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H. R. 1697
How US law will look if the Israel Anti-boycott Act is Passed
Hyperlinks to affected laws below appear in red.
Changes to affected laws appear in red.

To amend the Export Administration Act of 1979 to include in the prohibitions on boycotts against allies of the United States boycotts fostered by international governmental organizations against Israel and to direct the Export-Import Bank of the United States to oppose boycotts against Israel, and for other purposes.


IN THE HOUSE OF REPRESENTATIVES
March 23, 2017

Mr. Roskam (for himself, Mr. Vargas, Mr. Zeldin, and Mr. Sherman) introduced the following bill; which was referred to the Committee on Foreign Affairs, and in addition to the Committee on Financial Services, for a period to be subsequently determined by the Speaker, in each case for consideration of such provisions as fall within the jurisdiction of the committee concerned


A BILL

To amend the Export Administration Act of 1979 to include in the prohibitions on boycotts against allies of the United States boycotts fostered by international governmental organizations against Israel and to direct the Export-Import Bank of the United States to oppose boycotts against Israel, and for other purposes.

Be it enacted by the Senate and House of Representatives of the United States of America in Congress assembled,

SECTION 1. SHORT TITLE.

This Act may be cited as the “Israel Anti-Boycott Act”.

SEC. 2. FINDINGS.

Congress finds the following:

(1) The United Nations Human Rights Council (in this section referred to as the “UNHRC”) has long targeted Israel with systematic, politically motivated assaults on its legitimacy designed to stigmatize and isolate Israel internationally.

(2) The UNHRC maintains a permanent agenda item known as “Item 7” to ensure that Israel will be criticized at every gathering of the UNHRC.

(3) At its 31st session on March 24, 2016, the UNHRC targeted Israel with a commercial boycott, calling for the establishment of a database, such as a “blacklist”, of companies that operate, or have business relations with entities that operate, beyond Israel’s 1949 Armistice lines, including East Jerusalem.

(4) At its 32nd session in March 2017, the UNHRC is considering a resolution pursuant to agenda item 7 to withhold assistance from and prevent trade with “territories occupied since 1967”, including East Jerusalem, the West Bank, and the Golan Heights, stating that businesses that engage in economic activity in those areas could face could face civil or criminal legal action.

(5) For a half century, Congress has combated anti-Israel boycotts and other discriminatory activity under the Export Administration Act of 1979 (as continued in effect pursuant to the International Emergency Economic Powers Act (50 U.S.C. 1701 et seq.)), under part VI of title X of the Tax Reform Act of 1976 (Public Law 94–455; 90 Stat. 1649) (commonly referred to as the “Ribicoff Amendment”), in free trade agreements with Bahrain and Oman, and in Saudi Arabia’s accession negotiations to the World Trade Organization.

(6) The recent action of the UNHRC is reminiscent of the Arab League Boycott, which also called for the establishment of a “blacklist” and promoted a primary, as well as a secondary and tertiary, boycott against Israel, targeting United States and other companies that trade or invest with or in Israel, designed to harm Israel, any business operating in, or doing business with, Israel, or companies that do business with companies operating in Israel.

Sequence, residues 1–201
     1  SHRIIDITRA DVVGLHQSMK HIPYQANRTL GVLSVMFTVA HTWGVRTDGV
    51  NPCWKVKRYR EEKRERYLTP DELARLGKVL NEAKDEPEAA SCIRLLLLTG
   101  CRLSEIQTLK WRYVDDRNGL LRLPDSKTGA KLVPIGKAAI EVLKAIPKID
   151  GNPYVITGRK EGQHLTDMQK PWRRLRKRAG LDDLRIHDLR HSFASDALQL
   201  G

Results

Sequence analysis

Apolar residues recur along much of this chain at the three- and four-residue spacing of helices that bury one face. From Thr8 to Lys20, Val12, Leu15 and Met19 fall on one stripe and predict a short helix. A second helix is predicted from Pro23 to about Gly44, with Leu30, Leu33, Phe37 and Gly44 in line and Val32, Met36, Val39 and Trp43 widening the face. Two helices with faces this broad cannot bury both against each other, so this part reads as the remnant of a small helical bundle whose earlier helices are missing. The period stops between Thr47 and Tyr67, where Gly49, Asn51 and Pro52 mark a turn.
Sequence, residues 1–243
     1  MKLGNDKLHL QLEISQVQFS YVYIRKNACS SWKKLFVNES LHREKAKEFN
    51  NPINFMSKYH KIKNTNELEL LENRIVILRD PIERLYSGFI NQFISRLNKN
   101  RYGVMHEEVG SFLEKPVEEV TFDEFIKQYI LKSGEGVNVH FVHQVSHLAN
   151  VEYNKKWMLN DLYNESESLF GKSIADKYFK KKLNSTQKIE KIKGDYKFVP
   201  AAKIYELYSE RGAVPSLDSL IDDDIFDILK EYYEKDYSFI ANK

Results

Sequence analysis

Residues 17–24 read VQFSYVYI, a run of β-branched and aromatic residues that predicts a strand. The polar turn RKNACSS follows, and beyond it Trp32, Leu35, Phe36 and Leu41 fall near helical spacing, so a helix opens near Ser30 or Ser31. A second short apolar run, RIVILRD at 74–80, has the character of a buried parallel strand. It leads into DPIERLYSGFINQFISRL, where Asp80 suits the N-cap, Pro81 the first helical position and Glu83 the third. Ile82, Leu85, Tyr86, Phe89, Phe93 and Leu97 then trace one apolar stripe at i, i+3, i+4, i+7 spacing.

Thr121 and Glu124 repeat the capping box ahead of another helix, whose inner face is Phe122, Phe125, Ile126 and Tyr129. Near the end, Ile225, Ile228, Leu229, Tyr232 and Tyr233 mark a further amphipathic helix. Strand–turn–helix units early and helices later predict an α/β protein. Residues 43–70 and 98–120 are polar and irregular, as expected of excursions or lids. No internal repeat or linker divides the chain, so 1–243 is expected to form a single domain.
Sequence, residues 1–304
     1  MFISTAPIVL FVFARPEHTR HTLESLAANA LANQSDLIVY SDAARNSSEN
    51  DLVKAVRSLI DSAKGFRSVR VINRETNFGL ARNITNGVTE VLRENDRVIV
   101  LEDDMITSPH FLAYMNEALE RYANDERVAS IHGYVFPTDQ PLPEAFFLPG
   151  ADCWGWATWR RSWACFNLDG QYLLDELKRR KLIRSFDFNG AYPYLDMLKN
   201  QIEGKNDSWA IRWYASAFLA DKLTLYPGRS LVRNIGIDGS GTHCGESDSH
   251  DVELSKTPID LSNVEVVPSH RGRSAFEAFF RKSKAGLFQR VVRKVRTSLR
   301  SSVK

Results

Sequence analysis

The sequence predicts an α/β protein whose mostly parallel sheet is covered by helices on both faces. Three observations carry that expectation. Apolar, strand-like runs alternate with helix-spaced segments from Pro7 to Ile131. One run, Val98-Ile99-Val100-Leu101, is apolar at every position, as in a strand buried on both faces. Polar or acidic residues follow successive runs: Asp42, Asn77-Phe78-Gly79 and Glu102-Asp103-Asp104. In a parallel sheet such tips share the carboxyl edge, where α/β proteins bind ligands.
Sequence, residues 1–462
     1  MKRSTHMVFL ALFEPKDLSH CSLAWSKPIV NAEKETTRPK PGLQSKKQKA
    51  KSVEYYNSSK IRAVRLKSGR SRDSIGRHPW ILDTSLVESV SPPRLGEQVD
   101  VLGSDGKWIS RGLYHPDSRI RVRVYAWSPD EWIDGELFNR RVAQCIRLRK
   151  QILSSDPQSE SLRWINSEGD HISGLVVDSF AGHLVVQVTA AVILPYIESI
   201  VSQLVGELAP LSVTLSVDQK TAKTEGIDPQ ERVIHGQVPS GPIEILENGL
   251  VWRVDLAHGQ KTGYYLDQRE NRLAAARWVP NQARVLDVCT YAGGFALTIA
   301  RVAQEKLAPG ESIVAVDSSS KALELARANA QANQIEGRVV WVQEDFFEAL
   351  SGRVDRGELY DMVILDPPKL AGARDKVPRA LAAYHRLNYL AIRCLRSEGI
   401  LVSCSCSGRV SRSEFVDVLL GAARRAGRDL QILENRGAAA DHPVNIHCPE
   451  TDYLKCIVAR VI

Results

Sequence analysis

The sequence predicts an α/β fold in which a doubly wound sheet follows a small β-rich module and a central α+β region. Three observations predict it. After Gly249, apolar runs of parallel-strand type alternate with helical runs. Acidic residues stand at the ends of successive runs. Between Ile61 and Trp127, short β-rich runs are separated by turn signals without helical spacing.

(7) Congress recently passed anti-boycott, divestment, and sanctions measures in the Bipartisan Congressional Trade Priorities and Accountability Act of 2015 (19 U.S.C. 4201 et seq.) and section 909 of the Trade Facilitation and Trade Enforcement Act of 2015 (19 U.S.C. 4452), which establish, among other things—

(A) the opposition of the United States to actions to boycott, divest from, or sanction Israel;

(B) requirements that the United States utilize trade negotiations to combat state-led or international governmental organization-led actions to boycott, divest from, or sanction Israel; and

(C) reporting requirements regarding the actions of foreign countries or international organizations that establish barriers to trade or investment for United States companies in or with Israel.

SEC. 3. STATEMENT OF POLICY.

Congress—

(1) opposes the United Nations Human Rights Council resolution of March 24, 2016, which urges countries to pressure their own companies to divest from, or break contracts with, Israel, and calls for the creation of a “blacklist” of companies that either operate, or have business relations with entities that operate, beyond Israel’s 1949 Armistice lines, including East Jerusalem;

(2) views such policies as actions to boycott, divest from, or sanction Israel; and

(3) in order to counter the effects of actions to boycott, divest from, or sanction Israel, encourages full implementation of the United States-Israel Strategic Partnership Act of 2014 (Public Law 113–296; 128 Stat. 4075) through enhanced, governmentwide, coordinated United States-Israel scientific and technological cooperation in civilian areas such as with respect to energy, water, agriculture, alternative fuel technology, civilian space technology, and security.

SEC. 4. ADDITIONAL PROHIBITIONS RELATING TO FOREIGN BOYCOTTS UNDER EXPORT ADMINISTRATION ACT OF 1979.

(a) Declaration Of Policy.—Section 3(5) of the Export Administration Act of 1979 (50 U.S.C. 4602(5)) (as continued in effect pursuant to the International Emergency Economic Powers Act (50 U.S.C. 1701 et seq.)) is amended—

(1) by amending subparagraph (A) to read as follows: